St. Luke’s Works to Combat Physician Burnout with ‘Lifestyle Medicine’ (Sponsored)

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Physician burnout, especially among family doctors who often labor long hours with little support, is a major problem in the United States, where it is contributing to a growing nationwide shortage of practitioners.

St. Luke’s University Health Network (SLUHN) has launched an innovative residency program to help stop burnout before it happens. The new program promotes “lifestyle medicine” not only for patients, but also for doctors themselves.

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Introduced by Alan Remde, MD, director of research and curriculum, the program aims to improve patient care by way of addressing providers’ own health and satisfaction.

Incoming family medicine residents are taught a practice-what-you-preach approach to communication, stress management, and healthy eating and exercise, as well as other self-care techniques.

“With the burnout rate among physicians at about 40 percent, and the high incidence of depression and suicide among them, it’s critical to help residents develop skills to take better care of themselves throughout their careers,” said Remde, who joined SLUHN in 2018. He honed integrative medicine skills during a fellowship from 2013 to 2015.

Traditional physician training rarely provides in-depth content on nutrition, exercise or stress management. But in St. Luke’s family medicine program, new doctors now learn to lead by example while coaching their patients on how to change ingrained behaviors that can lead to and worsen chronic diseases, such as obesity, diabetes, COPD and cardiovascular disease.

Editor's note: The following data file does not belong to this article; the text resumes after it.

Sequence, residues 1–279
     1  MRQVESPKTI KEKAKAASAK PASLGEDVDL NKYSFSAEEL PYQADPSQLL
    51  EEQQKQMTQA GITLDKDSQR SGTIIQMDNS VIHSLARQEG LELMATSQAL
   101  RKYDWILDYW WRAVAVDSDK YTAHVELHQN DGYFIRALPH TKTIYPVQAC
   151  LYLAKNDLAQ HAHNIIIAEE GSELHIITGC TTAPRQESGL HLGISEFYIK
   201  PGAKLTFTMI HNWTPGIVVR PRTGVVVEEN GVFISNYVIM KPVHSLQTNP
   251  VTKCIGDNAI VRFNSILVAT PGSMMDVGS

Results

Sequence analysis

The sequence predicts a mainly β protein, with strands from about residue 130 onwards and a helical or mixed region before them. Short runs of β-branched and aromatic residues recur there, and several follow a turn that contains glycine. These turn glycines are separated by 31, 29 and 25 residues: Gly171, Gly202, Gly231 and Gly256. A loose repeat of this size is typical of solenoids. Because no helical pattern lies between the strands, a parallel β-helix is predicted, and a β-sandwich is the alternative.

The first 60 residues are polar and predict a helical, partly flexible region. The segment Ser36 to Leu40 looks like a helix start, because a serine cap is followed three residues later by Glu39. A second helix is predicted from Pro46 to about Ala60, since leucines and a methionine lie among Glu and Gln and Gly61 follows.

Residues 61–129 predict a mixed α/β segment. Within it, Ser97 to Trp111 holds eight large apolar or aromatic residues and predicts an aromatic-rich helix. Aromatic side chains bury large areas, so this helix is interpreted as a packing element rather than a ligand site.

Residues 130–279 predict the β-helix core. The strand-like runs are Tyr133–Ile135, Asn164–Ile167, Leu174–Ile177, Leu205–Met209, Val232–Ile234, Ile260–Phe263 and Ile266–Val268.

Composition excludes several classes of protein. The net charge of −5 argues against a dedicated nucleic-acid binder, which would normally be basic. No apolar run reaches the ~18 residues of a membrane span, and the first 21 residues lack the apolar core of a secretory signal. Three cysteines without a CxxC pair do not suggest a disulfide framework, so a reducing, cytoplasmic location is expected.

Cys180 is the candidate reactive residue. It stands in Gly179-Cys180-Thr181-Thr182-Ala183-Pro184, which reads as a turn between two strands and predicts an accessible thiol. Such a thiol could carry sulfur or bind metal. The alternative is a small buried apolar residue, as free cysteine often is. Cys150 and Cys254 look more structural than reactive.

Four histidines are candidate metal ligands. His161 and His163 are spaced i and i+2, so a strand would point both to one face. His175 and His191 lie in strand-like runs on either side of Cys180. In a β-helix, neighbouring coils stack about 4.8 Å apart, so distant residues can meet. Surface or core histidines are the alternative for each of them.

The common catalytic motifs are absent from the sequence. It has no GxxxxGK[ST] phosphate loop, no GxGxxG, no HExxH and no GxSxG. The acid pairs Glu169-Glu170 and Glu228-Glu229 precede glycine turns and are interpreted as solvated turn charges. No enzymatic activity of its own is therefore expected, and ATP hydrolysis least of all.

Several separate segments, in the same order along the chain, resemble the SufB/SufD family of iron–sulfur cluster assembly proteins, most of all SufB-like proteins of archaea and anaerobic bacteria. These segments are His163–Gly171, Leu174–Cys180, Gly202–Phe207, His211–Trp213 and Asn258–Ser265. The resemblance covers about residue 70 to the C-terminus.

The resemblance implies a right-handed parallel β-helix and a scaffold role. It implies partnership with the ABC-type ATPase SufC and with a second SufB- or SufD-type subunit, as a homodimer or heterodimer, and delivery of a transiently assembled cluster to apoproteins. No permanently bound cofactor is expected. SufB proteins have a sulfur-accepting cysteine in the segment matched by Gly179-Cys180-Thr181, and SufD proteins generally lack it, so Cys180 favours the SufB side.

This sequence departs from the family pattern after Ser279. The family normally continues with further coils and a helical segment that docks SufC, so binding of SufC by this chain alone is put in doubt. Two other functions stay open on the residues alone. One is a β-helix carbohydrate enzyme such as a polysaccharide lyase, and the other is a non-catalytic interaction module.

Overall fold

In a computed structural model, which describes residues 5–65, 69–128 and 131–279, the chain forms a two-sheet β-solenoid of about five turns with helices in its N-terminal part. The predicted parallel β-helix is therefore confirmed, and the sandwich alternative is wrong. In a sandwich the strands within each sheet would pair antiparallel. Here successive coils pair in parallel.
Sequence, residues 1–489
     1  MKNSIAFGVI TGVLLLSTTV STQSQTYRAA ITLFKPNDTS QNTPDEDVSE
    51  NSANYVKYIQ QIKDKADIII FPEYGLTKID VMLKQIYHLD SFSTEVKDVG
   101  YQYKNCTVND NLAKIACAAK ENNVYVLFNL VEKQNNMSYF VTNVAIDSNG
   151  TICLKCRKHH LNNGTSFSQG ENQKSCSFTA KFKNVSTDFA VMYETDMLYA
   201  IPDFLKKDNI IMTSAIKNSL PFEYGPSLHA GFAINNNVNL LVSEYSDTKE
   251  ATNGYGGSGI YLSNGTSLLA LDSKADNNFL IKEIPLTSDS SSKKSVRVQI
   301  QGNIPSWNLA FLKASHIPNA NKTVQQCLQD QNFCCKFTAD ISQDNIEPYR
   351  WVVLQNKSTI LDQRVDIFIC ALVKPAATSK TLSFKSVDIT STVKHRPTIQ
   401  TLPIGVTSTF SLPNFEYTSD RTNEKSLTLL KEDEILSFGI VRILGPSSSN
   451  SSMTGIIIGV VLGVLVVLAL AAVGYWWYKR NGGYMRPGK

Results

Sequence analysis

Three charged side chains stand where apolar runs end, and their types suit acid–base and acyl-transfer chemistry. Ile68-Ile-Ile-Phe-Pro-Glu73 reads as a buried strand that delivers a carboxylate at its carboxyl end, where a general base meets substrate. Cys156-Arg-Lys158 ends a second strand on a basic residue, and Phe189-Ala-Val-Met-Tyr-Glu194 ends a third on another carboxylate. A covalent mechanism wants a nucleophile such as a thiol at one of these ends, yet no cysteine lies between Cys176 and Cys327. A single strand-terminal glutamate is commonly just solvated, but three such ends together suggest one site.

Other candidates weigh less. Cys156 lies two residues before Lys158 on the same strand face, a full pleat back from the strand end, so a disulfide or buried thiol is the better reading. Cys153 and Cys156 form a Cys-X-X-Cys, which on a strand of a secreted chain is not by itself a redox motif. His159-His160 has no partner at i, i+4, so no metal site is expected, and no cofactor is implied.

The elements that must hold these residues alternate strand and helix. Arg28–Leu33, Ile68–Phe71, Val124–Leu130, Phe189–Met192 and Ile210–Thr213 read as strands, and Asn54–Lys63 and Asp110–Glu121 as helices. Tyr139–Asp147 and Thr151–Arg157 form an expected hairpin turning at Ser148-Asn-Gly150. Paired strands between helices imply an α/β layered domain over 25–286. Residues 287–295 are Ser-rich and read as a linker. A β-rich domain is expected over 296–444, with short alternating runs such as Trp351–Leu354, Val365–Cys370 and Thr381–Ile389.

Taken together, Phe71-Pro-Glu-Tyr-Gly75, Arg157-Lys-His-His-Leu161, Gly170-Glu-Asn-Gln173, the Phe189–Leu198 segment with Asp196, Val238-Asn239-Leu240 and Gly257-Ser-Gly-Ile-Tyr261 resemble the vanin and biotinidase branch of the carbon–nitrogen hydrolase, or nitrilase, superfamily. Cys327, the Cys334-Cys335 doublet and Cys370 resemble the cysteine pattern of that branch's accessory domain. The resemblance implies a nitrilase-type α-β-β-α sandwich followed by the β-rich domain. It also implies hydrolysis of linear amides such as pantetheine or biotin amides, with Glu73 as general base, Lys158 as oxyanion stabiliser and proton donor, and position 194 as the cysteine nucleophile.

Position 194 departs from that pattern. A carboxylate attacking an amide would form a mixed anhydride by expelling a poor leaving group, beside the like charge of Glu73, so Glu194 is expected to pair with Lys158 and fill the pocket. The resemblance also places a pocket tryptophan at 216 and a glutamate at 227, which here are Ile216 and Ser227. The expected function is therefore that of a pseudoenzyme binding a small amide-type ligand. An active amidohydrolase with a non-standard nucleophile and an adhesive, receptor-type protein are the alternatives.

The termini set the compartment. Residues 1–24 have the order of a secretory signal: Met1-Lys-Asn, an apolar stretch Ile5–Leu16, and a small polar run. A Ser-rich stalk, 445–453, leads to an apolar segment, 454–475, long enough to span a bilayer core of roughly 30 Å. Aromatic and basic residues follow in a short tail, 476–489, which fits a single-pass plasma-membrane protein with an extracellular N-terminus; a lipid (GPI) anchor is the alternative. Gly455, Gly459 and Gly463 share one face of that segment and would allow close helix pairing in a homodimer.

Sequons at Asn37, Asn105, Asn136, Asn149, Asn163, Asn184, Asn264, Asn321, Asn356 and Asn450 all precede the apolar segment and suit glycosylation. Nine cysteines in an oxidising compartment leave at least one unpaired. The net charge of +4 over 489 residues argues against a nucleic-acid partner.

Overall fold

“A large proportion of mortality and morbidity in the US population is attributable to unhealthy lifestyle decisions,” Remde said. “These can be modified by patients, but they need to learn the proper skills, like reading food labels, cooking healthy meals, practicing a mindfulness approach to life and finding ways to manage stress.”

The residents design and conduct research studies around these issues, to measure process and outcomes of these efforts, with the intent of improving outcomes for both provider and patient.

“The United States is one of the wealthiest countries in the world, but our healthcare model for chronic disease is no longer working for doctors or patients,” Remde said. “Clearly, it’s time to develop a new model that starts with the provider.”

Note: This local health news is brought to you in partnership with St. Luke’s University Health Network.

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